I normally do not perform bee removals or even catch swarms not originating from one of my yards. Today, I got a message about some bees needing to be relocated. It was in the direction of a couple of bee yards that needed checking so I agreed to stop by. The hive was in a structure that was being disassembled and there was easy access and no concern about any collateral damage. I verified there were no confined animals nearby in case things went poorly and bees became highly defensive. I had some newly emerged queens on hand.
The property was as described to me but the condition of the structure was a concern. The flooring was rotten and easy to step through, but with the help of several panel boards I was able to get "reasonable" access. A misstep would probably require a tetanus shot at the least.
The bees were in an old cabinet at floor level. It was a good size colony with at least 9 large combs and more small ones filling the space. They were very gentle and required minimal smoke to remove the covering to get access. I noted the outer combs were quite brittle as old comb is so estimated the hive had been there for some time. As I started removing some pieces of the outer comb I found a few hive beetles. Working down into the the hive I found a lot of hive beetles, a whole lot of hive beetles. Bees seemed to be managing them but not something I would want to see in one of my yards. I was concerned that I did not see any fresh wax. At this time of year there is nectar and young bees so you should see some new wax. Another concern was I found as much drone brood as worker brood. I considered the queen could be a good survivor but was slowing down with fertilized eggs. What I couldn't quite figure out was; given the conditions I was looking at, why were there no queen cups or any evidence the hive was not attempting or preparing to re-queen. As I proceeded to disassemble the hive I kept finding more and more SHB. Finally got to the point that to reduce the transfer of SHB, I attached only a couple of small pieces of comb containing larvae to frames. I never saw the queen but easily could have missed her in moving bees. I added one of the fresh queens I had to the box and bees started to attend to her. At the end of the project I had a 5 frame nuc box with a couple of pieces of old comb wired to 2 frames and 3 new frames in the box. Bees were fanning at the entrance and the interior population was increasing. There were a couple of hours of light left so I left the box in place to collect returning foragers.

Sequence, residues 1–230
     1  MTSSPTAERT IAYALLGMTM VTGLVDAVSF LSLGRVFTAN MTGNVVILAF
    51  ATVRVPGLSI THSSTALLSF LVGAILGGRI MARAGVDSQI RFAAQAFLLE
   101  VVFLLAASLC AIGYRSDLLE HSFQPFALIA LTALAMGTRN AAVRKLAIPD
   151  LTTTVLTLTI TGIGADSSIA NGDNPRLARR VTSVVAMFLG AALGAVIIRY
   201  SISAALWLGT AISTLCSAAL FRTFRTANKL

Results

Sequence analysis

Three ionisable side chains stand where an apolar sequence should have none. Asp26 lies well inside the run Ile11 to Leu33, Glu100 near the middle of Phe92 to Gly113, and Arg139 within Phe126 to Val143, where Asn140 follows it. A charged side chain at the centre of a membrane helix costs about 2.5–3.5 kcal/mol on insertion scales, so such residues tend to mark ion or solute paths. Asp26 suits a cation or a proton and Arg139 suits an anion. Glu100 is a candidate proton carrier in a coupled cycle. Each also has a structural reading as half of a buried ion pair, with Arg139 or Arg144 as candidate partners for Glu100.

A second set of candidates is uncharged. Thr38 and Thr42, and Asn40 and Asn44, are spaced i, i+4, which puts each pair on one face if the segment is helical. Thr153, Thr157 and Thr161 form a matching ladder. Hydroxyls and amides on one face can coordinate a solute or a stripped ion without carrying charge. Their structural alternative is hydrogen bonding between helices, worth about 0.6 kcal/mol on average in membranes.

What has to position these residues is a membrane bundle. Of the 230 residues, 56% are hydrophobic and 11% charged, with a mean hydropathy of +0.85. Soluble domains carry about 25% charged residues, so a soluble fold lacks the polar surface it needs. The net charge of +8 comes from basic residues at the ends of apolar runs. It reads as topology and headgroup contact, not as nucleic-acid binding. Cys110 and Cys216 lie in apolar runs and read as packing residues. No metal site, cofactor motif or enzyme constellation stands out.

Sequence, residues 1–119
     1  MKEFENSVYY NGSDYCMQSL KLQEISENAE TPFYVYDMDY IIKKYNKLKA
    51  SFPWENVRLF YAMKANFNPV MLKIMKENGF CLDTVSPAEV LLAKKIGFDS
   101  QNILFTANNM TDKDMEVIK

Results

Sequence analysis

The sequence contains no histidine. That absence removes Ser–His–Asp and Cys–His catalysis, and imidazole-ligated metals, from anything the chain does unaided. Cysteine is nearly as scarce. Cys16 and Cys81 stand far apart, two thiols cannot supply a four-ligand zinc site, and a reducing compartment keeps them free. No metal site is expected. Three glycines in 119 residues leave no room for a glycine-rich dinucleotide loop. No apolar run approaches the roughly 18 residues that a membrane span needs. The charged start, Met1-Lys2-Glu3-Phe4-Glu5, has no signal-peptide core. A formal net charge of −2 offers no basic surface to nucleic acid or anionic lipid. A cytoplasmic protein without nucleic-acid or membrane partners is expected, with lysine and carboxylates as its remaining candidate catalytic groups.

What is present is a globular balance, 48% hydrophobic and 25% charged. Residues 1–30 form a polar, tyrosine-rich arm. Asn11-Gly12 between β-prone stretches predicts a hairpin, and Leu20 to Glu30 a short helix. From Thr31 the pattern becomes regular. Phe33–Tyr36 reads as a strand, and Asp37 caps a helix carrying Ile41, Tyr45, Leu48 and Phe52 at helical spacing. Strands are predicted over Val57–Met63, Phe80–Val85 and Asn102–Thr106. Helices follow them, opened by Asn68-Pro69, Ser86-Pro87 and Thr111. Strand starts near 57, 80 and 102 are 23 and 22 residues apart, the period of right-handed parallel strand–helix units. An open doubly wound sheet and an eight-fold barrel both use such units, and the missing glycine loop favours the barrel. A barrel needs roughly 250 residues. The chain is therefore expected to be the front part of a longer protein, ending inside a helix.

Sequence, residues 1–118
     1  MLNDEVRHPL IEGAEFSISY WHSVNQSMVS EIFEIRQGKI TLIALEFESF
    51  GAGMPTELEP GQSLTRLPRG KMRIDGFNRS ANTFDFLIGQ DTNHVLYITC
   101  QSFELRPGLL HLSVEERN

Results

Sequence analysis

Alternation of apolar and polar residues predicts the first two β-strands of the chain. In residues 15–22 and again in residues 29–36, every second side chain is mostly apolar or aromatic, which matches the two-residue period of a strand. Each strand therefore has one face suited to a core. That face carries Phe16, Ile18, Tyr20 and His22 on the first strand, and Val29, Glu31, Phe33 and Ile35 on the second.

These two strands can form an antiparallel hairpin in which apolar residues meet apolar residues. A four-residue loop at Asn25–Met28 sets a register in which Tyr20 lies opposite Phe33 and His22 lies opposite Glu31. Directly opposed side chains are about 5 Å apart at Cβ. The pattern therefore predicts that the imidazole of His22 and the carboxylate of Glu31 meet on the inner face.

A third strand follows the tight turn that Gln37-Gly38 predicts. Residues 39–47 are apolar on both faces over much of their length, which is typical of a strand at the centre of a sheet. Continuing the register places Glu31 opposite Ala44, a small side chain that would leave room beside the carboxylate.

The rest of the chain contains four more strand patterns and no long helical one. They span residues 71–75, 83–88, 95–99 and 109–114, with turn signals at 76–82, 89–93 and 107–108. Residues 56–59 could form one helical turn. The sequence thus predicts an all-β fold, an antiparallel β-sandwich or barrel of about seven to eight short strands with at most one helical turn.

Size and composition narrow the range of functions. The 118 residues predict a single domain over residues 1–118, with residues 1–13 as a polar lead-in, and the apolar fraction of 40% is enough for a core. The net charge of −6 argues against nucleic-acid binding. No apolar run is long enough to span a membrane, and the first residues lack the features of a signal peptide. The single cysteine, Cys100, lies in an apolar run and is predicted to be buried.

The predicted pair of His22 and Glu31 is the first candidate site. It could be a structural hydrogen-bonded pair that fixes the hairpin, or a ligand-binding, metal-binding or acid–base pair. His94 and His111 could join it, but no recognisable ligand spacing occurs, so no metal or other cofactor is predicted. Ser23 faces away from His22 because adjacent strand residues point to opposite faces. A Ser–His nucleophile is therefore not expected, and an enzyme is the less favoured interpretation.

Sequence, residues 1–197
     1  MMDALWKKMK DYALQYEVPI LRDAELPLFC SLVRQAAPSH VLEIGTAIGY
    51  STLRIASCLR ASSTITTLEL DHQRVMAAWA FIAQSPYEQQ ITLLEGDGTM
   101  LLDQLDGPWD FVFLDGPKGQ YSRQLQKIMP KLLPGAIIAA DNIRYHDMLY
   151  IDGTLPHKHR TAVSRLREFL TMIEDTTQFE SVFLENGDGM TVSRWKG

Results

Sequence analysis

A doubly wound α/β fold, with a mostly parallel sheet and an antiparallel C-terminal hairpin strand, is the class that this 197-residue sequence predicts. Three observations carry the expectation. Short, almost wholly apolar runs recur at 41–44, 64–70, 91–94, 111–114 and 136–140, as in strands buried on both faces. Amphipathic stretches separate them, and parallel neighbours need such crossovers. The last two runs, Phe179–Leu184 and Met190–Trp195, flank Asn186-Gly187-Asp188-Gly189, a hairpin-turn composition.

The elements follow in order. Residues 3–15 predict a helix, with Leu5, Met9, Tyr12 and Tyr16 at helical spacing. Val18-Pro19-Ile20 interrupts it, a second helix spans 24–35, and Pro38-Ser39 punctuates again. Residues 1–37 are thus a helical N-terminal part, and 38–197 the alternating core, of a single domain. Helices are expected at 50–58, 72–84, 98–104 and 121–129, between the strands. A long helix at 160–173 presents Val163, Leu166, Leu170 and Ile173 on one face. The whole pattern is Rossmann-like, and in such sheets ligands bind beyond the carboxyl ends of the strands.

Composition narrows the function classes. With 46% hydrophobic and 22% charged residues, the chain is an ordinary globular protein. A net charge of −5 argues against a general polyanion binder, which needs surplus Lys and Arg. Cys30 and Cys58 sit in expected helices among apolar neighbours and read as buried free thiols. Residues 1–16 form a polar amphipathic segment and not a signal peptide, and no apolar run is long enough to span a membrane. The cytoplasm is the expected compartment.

So here is where the question, Are free bees really free? comes into play. You have invested time in travel and removing the bees, you may be gathering a hive with a high pest load, you may be gathering hive that just doesn't quite feel right in terms of brood ratio, age, hive activity, worker-queen relationship or some other subtle thought that says that there is something going on here. Drop in in the middle of your healthy yard and hope for the best. Are free bees really free?
Some beekeepers perform removals as part of their business plan. If they have done this successfully for any time then they probably have answered these issues, plan accordingly, and move ahead. If you are new to beekeeping and hoping to increase your hive count, take a few moments to consider if free bees are really free.
If these relocate successfully into the transfer box they will need to be moved in a couple of days. Contact me if you want some free bees.